O.k., the winter chaos in Europe has gotten to me as well and I was stuck in various places waiting for planes and trains like many others. So while the situation was far from comfortable I noticed that being connected and being able to get information from online sources not only proved to be entertaining and useful, as I could get some work done while waiting but also helped to keep my mood up. Here are some things I noticed:
Congestion: In airport lounges, free Wi-Fi is sometimes provided, but it is usually quite congested and slow due to many people using it at once. Good when one has a 3G dongle and can make oneself independent from the rest.
Flight Status: Flight status reports are not accurate at all, neither online nor at the airport. It's interesting to observe that a flight status on airport information displays and also online is marked as "on schedule" until just one hour before departure when it then suddenly changes to indicate a two hour delay. I wonder why this is done that way as airlines do know better!?
In my case for example, the plane that would take me to Frankfurt was coming from Frankfurt in the first place. Online, the delay for that plane was visible while for the outgoing leg the flight status remained "on schedule". Most people have better things to do than to spend time at the airport when a delay of several hours that is clearly predictable would allow them to do something else in the city. So perhaps the airlines want you at the airport so they can judge who shows up for a flight and who doesn't!? In the age of email, twitter, instant messengers and other methods to stay connected, even automatically, it's an archaic way of organization.
Abnormal situations also reveal how flight status displays at airports are working. The system used at Istanbul airport, for example, is not updated in real-time at all. For my flight, which was 3 hours late, somebody forgot to update the system so at the "theoretically correct time" the display showed "boarding" and then "final call". Very nice, except there was no plane at the gate to board and no ground personnel to inform people of what was going on. Quite a confusion. Once the theoretical time for "final call" was over the display went blank, still no plane and still no ground crew at the gate. You can imagine the confusion. Unless, of course, the online information on your mobile device from your airline tells you the real story.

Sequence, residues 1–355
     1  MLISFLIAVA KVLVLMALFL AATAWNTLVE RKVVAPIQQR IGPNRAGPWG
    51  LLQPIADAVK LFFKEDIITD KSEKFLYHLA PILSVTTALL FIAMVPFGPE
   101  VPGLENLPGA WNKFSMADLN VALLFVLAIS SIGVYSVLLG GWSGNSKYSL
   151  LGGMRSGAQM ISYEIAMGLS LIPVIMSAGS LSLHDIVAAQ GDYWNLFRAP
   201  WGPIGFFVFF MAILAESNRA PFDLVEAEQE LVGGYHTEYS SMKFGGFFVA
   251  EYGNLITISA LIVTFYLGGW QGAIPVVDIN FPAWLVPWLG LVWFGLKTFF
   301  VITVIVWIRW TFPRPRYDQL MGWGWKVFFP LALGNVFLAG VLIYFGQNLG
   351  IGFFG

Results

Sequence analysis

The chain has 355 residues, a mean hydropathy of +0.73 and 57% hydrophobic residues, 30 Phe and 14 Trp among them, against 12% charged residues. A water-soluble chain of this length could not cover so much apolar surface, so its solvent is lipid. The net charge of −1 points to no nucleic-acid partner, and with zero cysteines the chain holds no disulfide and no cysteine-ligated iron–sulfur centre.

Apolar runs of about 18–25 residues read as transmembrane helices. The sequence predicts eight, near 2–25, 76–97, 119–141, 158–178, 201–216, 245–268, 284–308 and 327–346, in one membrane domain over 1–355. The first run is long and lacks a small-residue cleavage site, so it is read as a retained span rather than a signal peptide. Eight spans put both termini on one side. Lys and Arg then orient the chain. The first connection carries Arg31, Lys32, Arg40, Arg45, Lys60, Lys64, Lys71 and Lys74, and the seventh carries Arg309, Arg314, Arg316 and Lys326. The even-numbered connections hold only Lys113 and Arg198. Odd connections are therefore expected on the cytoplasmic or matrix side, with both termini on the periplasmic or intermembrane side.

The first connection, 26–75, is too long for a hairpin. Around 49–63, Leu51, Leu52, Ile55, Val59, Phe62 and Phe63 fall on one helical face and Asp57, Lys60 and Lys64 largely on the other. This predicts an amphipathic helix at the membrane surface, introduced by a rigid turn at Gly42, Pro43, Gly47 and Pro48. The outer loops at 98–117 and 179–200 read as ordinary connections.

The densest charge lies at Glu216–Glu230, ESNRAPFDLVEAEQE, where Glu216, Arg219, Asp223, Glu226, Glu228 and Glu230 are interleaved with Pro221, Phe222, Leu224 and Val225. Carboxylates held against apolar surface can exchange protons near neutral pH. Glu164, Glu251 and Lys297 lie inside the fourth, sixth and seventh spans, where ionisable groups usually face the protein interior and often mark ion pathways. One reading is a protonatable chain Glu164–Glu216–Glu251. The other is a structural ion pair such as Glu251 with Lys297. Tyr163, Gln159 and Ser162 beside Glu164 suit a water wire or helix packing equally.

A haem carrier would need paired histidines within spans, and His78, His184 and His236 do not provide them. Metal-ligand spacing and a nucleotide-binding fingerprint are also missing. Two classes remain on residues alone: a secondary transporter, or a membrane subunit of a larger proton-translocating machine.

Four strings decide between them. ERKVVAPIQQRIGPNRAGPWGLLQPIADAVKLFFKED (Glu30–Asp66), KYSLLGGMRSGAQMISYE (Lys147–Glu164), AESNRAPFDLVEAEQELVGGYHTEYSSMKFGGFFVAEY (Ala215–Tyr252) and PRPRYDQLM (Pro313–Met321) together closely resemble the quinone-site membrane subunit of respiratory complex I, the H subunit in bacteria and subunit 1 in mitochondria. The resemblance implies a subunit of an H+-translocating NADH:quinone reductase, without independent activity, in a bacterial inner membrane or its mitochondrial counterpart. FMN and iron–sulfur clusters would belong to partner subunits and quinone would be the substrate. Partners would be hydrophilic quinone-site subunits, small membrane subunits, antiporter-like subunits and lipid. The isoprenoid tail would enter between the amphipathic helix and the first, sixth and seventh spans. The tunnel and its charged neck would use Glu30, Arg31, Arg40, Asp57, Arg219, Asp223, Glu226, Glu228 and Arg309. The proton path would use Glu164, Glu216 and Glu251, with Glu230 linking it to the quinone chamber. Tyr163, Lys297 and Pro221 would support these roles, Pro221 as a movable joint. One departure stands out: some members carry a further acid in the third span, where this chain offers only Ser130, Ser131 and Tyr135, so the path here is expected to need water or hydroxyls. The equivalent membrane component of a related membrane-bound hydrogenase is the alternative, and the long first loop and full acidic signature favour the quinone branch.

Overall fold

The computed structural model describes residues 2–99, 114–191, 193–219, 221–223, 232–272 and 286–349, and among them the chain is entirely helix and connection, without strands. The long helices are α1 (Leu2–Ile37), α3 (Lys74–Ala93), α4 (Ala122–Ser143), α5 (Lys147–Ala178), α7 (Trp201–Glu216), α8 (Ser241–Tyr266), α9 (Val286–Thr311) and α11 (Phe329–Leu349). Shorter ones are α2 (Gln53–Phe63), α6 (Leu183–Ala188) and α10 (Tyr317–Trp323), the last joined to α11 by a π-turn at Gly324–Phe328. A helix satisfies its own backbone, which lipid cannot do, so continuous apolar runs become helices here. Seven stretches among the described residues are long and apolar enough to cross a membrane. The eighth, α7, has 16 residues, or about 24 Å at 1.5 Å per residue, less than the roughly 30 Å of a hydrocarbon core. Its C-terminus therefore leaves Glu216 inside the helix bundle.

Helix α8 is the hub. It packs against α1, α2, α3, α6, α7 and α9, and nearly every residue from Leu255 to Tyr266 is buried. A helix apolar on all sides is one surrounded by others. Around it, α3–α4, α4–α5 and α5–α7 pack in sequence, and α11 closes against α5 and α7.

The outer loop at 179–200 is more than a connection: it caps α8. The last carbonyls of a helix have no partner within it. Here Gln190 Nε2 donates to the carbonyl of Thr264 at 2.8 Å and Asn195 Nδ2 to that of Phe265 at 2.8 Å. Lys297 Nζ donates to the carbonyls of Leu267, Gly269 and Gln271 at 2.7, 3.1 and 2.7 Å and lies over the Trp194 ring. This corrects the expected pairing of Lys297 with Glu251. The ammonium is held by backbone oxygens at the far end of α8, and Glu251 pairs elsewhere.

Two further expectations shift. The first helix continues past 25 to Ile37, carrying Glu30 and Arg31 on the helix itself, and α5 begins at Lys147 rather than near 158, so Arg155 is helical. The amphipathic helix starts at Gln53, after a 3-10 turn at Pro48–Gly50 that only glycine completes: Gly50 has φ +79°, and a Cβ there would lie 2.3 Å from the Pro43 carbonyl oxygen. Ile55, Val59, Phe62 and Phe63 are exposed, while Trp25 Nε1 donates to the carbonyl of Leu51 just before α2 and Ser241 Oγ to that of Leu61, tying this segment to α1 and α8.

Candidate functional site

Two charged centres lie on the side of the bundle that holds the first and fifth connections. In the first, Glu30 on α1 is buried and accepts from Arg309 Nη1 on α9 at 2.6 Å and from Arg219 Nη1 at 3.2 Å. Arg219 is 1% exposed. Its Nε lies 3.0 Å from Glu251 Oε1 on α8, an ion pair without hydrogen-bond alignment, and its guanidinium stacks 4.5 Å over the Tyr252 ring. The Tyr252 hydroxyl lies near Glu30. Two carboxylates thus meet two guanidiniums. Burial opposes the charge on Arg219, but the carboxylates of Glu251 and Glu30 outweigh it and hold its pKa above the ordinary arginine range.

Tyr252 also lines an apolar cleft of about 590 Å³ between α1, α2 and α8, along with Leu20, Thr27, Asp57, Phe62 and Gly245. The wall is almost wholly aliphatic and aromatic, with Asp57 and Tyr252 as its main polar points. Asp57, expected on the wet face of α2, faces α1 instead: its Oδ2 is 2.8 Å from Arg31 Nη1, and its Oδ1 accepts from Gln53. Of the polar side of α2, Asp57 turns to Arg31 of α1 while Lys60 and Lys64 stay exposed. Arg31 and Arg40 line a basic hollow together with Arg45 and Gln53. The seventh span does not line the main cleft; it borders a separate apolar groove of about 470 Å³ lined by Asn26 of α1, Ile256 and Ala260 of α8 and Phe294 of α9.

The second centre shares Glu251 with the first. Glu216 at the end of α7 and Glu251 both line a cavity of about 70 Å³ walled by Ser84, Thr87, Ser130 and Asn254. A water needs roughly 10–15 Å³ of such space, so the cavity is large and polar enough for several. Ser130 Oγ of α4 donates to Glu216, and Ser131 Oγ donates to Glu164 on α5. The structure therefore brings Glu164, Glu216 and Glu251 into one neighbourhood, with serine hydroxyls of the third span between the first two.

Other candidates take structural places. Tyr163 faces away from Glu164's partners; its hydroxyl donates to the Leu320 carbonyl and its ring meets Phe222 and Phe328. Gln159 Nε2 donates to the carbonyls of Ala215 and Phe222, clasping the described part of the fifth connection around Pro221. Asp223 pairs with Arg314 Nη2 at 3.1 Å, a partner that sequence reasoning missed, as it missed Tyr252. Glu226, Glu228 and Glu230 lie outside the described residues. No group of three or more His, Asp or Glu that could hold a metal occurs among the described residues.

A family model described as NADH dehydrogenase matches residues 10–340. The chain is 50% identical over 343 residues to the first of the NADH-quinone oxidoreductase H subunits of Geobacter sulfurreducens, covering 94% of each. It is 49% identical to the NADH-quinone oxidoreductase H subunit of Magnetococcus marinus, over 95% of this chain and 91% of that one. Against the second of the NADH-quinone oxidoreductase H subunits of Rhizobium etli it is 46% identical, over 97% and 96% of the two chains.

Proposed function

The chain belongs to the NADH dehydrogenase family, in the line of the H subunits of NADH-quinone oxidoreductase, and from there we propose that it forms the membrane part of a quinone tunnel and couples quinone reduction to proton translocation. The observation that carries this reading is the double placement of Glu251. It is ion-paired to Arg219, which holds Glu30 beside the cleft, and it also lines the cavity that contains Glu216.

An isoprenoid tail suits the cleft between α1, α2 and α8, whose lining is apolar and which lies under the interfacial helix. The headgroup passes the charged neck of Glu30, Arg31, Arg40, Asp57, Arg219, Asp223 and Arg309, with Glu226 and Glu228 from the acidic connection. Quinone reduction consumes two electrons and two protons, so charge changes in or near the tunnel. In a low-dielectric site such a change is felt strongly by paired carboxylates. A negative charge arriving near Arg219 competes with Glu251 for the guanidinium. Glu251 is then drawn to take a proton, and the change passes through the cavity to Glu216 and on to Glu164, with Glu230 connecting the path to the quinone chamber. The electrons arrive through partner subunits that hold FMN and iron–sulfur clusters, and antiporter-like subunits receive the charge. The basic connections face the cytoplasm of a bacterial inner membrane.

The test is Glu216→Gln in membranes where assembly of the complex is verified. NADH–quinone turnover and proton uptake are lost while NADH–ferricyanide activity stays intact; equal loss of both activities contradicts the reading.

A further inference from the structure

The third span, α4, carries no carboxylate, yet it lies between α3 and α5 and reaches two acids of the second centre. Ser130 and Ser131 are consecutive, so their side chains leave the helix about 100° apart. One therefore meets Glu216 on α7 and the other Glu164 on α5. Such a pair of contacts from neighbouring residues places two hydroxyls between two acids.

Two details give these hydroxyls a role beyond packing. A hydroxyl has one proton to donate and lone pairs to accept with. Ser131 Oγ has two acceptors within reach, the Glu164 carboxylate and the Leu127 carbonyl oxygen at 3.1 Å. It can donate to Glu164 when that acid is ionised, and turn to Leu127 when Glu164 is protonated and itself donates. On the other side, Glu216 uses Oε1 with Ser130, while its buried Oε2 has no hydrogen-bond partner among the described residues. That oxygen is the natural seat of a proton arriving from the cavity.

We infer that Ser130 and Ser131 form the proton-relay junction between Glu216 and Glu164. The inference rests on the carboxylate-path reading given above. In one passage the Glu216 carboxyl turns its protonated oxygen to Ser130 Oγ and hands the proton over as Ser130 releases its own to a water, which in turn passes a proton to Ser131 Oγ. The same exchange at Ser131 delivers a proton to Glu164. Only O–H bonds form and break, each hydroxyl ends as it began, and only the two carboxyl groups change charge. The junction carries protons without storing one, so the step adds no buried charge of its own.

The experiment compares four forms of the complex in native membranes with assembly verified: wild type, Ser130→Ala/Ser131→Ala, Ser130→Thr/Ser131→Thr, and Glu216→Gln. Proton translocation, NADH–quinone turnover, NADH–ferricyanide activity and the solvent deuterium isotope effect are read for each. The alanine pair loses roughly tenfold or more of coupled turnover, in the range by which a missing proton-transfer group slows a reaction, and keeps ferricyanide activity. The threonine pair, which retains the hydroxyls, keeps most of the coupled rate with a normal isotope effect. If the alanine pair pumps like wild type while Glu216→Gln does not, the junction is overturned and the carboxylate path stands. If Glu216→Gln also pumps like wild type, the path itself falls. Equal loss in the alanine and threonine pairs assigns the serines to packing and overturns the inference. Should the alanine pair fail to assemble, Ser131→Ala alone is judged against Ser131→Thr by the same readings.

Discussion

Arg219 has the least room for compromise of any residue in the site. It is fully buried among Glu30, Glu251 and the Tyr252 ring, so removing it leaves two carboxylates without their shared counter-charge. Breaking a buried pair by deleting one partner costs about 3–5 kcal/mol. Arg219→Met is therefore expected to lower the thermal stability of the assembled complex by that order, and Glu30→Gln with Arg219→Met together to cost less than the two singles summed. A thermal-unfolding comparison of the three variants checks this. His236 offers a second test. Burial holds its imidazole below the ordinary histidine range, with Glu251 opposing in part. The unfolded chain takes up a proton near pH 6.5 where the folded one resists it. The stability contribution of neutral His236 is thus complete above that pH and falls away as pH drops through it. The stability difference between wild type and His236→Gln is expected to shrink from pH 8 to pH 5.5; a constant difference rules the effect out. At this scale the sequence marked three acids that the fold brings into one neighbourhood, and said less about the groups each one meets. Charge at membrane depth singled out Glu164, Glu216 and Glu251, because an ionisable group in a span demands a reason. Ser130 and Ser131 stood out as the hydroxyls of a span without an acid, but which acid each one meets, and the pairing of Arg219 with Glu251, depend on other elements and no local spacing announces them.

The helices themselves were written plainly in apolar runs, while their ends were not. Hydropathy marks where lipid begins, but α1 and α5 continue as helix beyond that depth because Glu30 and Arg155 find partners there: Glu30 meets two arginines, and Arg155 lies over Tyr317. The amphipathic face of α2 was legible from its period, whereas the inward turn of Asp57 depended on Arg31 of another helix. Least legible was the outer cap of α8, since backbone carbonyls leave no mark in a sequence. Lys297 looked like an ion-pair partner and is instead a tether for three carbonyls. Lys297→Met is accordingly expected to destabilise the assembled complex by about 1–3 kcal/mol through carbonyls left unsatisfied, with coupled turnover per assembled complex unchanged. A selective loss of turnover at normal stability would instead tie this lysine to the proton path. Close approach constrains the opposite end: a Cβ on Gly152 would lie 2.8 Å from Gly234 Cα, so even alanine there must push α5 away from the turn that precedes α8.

Getting a Hotel at Midnight: And the best use of mobile Internet connectivity is when you are stuck at the airport, figure out from the online schedule of the train company that the last train home has just left despite a massive delay and you start wondering how and where you'll spend the night. Hundreds of people are around you with the same problem and the picture of camp beds in a big hall springs to mind. But your online hotel reservation system tells you that there are many hotel rooms close to the airport still available. It could be just as fake as the online schedule displays but a call to one of the hotels quickly revealed that rooms were indeed still available. Interestingly enough, the hotels shown did not take advantage of the situation but offered the standard rates per room. Much better than spending the night at the airport.
Stay in bed longer: And finally, the next morning your mobile is your best friend when it tells you that the train you want to take home is either on time or delayed, so you know it's worth getting out of bed or if there is no real rush to get up.
Entertainment and connectivity: And all the while it also plays your favourite music, keeps you informed about what's going on in the rest of the world and you can call people back home and wished your travels were as quick and easy as that of those electrons and waves that carry your voice through the maze we call a telecommunication network.